I never understood physics. I just didn’t get it; why it was important, how it worked, etc. I’m not talking about advanced physics [that’s in a whole nother world of “I am so confused”], but simple introductory physics. I recall vague examples of energy being transferred from one pool ball to another being involved, and glasses half full of water being swung around and not spilling. That’s about it.
Oh, and one other thing: that a body in motion likes to stay in motion.
At the time I “learned” that rule, I was more concerned with why an inanimate object would have wants or desires [sadly I was the only one that didn’t see the end of any potential career in medicine or science for another two years]. But it’s all coming back to me, slowly but surely, a decade later. Because bicycles and physics are like peanut butter and jelly. They go together and love each other and people really get them together. But to me? I’m feeling like when I was eight years old and choking down PB&J sandwiches at friends’ houses just to be polite and silently gagging. I still apparently don’t get it.
But I’m trying. And that old rule about bodies in motion hit me full force on Sunday when I rolled out of bed after completely passing out at the rockin’ late hour of 11pm. I could barely walk, and with sore legs that didn’t want to fully extend, I crab-walked down the hallway to dive into the bathroom, the need to pee being the only thing that was powerful enough to get me out of bed. Descending the stairs was painful but loosened up tight muscles, the running around before I left NYC behind for Boston aiding in the recovery process.
Recovering from what? From, oh, you know, DOING MY FIRST 60 MILER, EVER. I was so secretly proud of myself, I would have danced after my shower if my quads weren’t struggling to support my weight. After doing a grand total of 20 miles during the week, I got peer pressured into going on the NYC Velo monthly ride, led by Erik of Vice Magazine. Actually, I was asked to be at the shop to help out at 7:30a.m., which apparently means “7:50a.m.” in Velo-speak. I pulled on bibs and a jersey just so I wouldn’t have to climb those damn stairs again, and “helped out” by watching people filter in and talking to people about their bikes. The group that showed up consisted of about 12 or so guys, plus 2 girls [myself included]. The route planned was a brisk 80-miler that skirted the edge of the town I grew up in in New Jersey, but knowing I wasn’t up for throwing down four times the number of miles I’ve done all week on a bike in one day, I told Andrew I would tag along until we crossed the bridge, then do a solo ride up River Road.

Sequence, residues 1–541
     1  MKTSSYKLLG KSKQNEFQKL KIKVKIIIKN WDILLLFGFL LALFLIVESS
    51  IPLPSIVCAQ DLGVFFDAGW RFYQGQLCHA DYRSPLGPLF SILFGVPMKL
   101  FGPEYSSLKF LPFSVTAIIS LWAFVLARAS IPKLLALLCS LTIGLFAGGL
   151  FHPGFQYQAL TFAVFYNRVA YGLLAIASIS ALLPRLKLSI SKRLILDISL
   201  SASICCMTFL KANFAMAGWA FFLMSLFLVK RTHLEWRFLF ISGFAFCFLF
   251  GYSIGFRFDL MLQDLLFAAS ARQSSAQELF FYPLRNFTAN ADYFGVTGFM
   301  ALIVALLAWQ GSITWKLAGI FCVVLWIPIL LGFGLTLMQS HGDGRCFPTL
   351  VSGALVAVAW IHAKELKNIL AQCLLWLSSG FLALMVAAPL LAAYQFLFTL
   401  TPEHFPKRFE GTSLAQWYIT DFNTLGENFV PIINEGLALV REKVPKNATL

So in my head, I imagined a leisurely ride up to the GW Bridge, then the struggle up those two climbs on River Road and an easy ride back on 9W, hopefully in the big ring. My illusions of having the energy to go up River Road crumbled as the group kept what was probably a “leisurely” pace for them, but was uncomfortably close to “balls to the wall” for me. CJ and Erik were at the front of the group, and shot up Riverside Drive with me huffing and puffing, attempting to suck on a wheel but losing it completely.
By the time we got across the bridge, I had the distinct feeling that I had probably blown myself up trying to keep up and that trying to climb up River Road would be suicidal. We were less than an hour into the ride and I was already popping Nuuns into my water bottles [Nuuns are incredibly awesome...you can even break them in half if you have smaller water bottles or you just want to thin it out]. I thought I was off the hook at that point; the planned ride was going up Knickerbocker Road, which is west of 9W. I thought I would be solo cruising.
Until CJ, Chris F., and Stanley decided to go with me. CJ called it the “fat, slow group” while Chris F. referred to it as “the ride for people who have other things to do other than ride all day.” Whatever the ride was called, we spun up 9W, past the Palisades Marketplace, and for the first time ever for me, to Bunbury’s in Piermont. There was a decent climb or two, a muffin split with Chris, some crashing into the woods [not me], and triathletes that piqued CJ’s competitive edge enough to have him decidedly drop me on the way back [the next time I saw him was at the bridge. LOL.].
But holy shit, as sweaty, snotty, and smelly as I felt after I was done, I could only think about doing a 70 miler next time. I was able to come back in the big ring, having at last grasped the concept of shifting gears and how to manage all of them. That’s not to say I wasn’t complaining, I was. When I protested at a climb, David, a friend of CJ’s who we picked up at Bunbury’s told me that I sounded like CJ two years ago.
“Now look at him. He’s a like a cockroach. He won’t go away.”
CJ laughed mid-climb, telling a story about his last Tour of Battenkill which had me laughing despite my labored breathing. An hour later, I was in no man’s land, but it was totally okay; we all start somewhere, and it’s usually off the back. Chris waited up for me, then bombed past me on a descent, shouting as he passed that that’s what 200 pounds looks like [there’s that physics again]. I had no hope of keeping up.
Maybe in two years, though.